I have a suspicion that there are a lot of web developers out there who, like me, are eager to start learning more about Ruby but who are stunted by the incredible amount of unfamiliar conventions that are used in Rails. For many of us, our first introduction to Ruby was (or is) through Rails and the challenge of learning both Ruby and Rails at once should not be underestimated; frankly it’s damn hard.
Thankfully, there’s an easier way. Especially if you’re accustomed to “old-school” development workflows that you learned through, say, PHP or perhaps Perl scripting, then ditching Rails and starting purely with Ruby might be the way to go. Doing things on your own without the “magic” of Rails will let you learn Ruby in a simple, yet fully-featured environment, much like the way you might have learned classic CGI programming.
Specifically, by using eRuby, the Embedded Ruby interpreter, you can make Ruby web development feel just like PHP development. Install it, upload an HTML file with some embedded Ruby code in it, andâ€”voilaâ€”you have a single-page web application.
Why this tutorial?
Hivemind’s Getting Started with Ruby on the Web is an excellent resource that described this process from start-to-finish for Windows users. In fact, it was after finding that article that I realized web development with Ruby didn’t have to be governed by Rails and, being a web developer like the authors of Hiveminds, I wanted an easy way to use my Ruby knowledge on the Web.
However, I couldn’t find any similar tutorial or walkthrough for those of us who use Macs. Even the Linux walkthroughs are lacking (or at least my Googling skill for them is). After spending a little while successfully getting eRuby set up on my Mac running Mac OS X 10.4 Tiger, I thought I’d share what I learned with others, so I wrote this article. Its content mirrors the one from Hiveminds to a great degree but focuses on getting eRuby installed on Mac OS X instead of Windows (obviously). I imagine these instructions should be pretty similar if not identical for any other *nix-like platform.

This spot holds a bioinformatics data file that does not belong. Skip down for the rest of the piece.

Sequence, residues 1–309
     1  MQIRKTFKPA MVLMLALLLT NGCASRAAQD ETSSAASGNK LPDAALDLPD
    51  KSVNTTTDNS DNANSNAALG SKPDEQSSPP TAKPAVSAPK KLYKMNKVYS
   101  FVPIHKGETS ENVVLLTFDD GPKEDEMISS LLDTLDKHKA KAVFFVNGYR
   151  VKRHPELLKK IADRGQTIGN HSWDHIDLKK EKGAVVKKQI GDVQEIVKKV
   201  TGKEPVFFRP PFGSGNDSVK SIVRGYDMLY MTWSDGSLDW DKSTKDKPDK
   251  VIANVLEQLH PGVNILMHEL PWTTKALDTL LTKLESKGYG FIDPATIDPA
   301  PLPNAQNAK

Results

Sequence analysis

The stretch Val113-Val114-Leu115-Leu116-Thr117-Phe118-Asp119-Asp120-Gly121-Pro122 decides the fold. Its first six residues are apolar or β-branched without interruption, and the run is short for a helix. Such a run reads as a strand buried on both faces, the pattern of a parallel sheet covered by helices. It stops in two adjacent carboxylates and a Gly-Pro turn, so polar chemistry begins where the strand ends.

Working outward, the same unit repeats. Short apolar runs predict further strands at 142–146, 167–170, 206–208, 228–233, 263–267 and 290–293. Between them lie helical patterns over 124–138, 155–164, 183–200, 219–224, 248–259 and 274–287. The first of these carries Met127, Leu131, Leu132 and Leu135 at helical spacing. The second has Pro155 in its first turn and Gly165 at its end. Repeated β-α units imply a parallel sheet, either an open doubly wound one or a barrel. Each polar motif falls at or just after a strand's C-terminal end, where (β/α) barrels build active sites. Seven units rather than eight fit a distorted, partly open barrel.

Getting eRuby installed and configured with your web server is actually pretty straightforward and won’t take an experienced web developer much time at all. All we’re going to need is the Apache web server and the Ruby programming language to start, both of which are already pre-installed on Mac OS X 10.4 Tiger. (And in Mac OS X 10.5 Leopard, Apple is even shipping new Macs with Ruby On Rails preconfigured, but that’s a subject for another time.) However, Apple typically ships an older copy of Ruby than is readily available, so you might choose to use a newer version of Ruby that you download yourself.
The easiest way to get a copy of eRuby (and an updated Ruby, if you want it) is with a package manager such as MacPorts. With MacPorts installed (which is a simple, standard package installation downloadable from the MacPorts home page), simply run
sudo port install eruby
from your terminal to download the latest stable Ruby and eRuby in one fell swoop. After this runs, you’ll have a new Ruby in
/opt/local/bin/ruby and an eRuby in
/opt/local/bin/eruby. Alternatively, of course, you could compile and install eRuby yourself. Instructions for that are on the eRuby homepage.
As a quick test to see if everything is installed and working correctly, create a plain text file with your favorite editor that contains the following code:
Hello world! The time is now <%= Time.now %>.
All this does is print out a “Hello world!” greeting and then announces the current time (as reported by your system clock, of course).
If you named the above file helloworld.rhtml then you can feed this file to the
eruby interpreter as follows:
Note that the file extension doesn’t actually matter. You could use
.erb, if you like, or any other arbitrary file extension. The file extension is, as you’ll see later, only used for telling Apache which kind of file it is. So once you come up with file extension you like, stick with it. The standard file extensions are either
.erb, so I’d recommend using one of those. (I prefer
.erb, myself, since I don’t necessarily only want to create HTML pages. I might want to create XML documents like news feeds or even XML databases, so
.erb seems a more reasonable file name extension, though most of the eRuby documentation uses